Is a Roth Conversion Right for Me? 3 Reasons Why It Is and 3 Reasons Why It’s Not

When you first got started with your retirement planning, you may have asked yourself (and maybe even a financial advisor), “Is a Roth or Traditional retirement account right for me?” But once you got established, did you ever ask yourself the question again?

Since Traditional IRAs and Roth IRAs are similar but have critically distinct tax treatment, it’s wise to review your retirement decisions and assess if what worked for you at one time in your life is still appropriate.

Going one step further, converting the money in your Traditional IRA to a Roth IRA can cause a massive shift in the tax treatment of your assets, greatly affecting your financial future.

High net worth individuals may stop here, assuming they’re not eligible for a Roth retirement account, since there are income restrictions associated with them. But those restrictions can be bypassed with a Roth conversion.

There’s a lot of confusion around a Roth conversion. As a financial advisor in Utah, the following information will help you evaluate if a Roth conversion is right for you.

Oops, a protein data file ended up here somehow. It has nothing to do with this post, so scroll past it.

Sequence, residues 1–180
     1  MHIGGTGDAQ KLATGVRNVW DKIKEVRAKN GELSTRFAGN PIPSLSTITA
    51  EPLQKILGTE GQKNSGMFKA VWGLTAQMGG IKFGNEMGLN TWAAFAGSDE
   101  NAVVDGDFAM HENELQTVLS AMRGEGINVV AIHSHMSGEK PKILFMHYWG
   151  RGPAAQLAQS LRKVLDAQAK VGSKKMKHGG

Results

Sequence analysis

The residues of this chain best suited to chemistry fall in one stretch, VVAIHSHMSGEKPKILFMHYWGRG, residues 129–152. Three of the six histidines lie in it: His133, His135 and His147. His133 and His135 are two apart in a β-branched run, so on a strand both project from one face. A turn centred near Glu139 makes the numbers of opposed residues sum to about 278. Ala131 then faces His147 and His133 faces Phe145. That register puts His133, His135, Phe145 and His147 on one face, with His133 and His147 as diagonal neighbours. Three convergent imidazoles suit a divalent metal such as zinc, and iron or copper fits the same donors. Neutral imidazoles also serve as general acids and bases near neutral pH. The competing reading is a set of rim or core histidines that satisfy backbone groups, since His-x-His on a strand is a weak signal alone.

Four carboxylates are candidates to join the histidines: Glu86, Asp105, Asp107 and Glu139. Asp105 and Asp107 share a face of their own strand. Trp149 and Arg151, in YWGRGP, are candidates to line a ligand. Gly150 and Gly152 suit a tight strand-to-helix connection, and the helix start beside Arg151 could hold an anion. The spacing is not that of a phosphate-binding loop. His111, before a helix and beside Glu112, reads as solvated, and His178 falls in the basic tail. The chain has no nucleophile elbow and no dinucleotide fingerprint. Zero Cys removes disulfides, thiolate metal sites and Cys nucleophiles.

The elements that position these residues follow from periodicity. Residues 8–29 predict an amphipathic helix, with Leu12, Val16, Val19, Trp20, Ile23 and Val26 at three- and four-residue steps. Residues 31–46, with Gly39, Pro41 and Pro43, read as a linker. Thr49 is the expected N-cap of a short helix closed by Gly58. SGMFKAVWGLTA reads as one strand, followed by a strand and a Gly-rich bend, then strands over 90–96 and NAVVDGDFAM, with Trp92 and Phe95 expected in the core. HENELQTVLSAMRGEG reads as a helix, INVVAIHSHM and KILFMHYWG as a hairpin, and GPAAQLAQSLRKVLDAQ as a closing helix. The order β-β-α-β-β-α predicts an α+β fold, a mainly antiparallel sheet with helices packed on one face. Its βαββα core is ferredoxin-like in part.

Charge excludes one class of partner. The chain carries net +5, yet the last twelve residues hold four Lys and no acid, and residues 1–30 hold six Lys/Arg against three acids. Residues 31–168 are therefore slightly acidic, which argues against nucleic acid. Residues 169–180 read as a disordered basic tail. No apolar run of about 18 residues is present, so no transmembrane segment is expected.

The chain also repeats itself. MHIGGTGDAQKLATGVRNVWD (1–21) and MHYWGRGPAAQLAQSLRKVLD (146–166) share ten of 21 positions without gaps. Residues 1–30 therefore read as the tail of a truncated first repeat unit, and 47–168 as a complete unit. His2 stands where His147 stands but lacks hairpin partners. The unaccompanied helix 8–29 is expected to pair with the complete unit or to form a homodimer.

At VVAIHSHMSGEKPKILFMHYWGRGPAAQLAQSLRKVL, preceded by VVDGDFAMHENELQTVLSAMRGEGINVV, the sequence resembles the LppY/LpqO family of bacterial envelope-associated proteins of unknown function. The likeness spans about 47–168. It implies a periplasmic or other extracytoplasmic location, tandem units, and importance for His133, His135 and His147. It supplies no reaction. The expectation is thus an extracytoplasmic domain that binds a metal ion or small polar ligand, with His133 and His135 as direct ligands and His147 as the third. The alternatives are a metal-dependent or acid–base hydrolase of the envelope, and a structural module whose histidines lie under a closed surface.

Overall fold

A Brief Review of Retirement Account Basics

To begin, it’s important to remember the differences between a Traditional IRA and a Roth IRA. Once you have earned income, you are eligible for both retirement account types.

These two account types are considered non-taxable as they pertain to investments. In other words, receiving interest, dividends and selling profitable investments held within your retirement accounts are not taxable transactions.

You are only responsible for taxes when you physically take money out of a retirement account without rolling it over into a retirement account of the same type, as retirement account withdrawals are considered taxable income. Lastly, if you take money out of any retirement account before age 59-½, the transaction may increase your taxable income. This applies to 401(k) and employer-sponsored retirement accounts, too. (Read our recent blog post: What an Early Withdrawal from Your Retirement Fund Really Means.)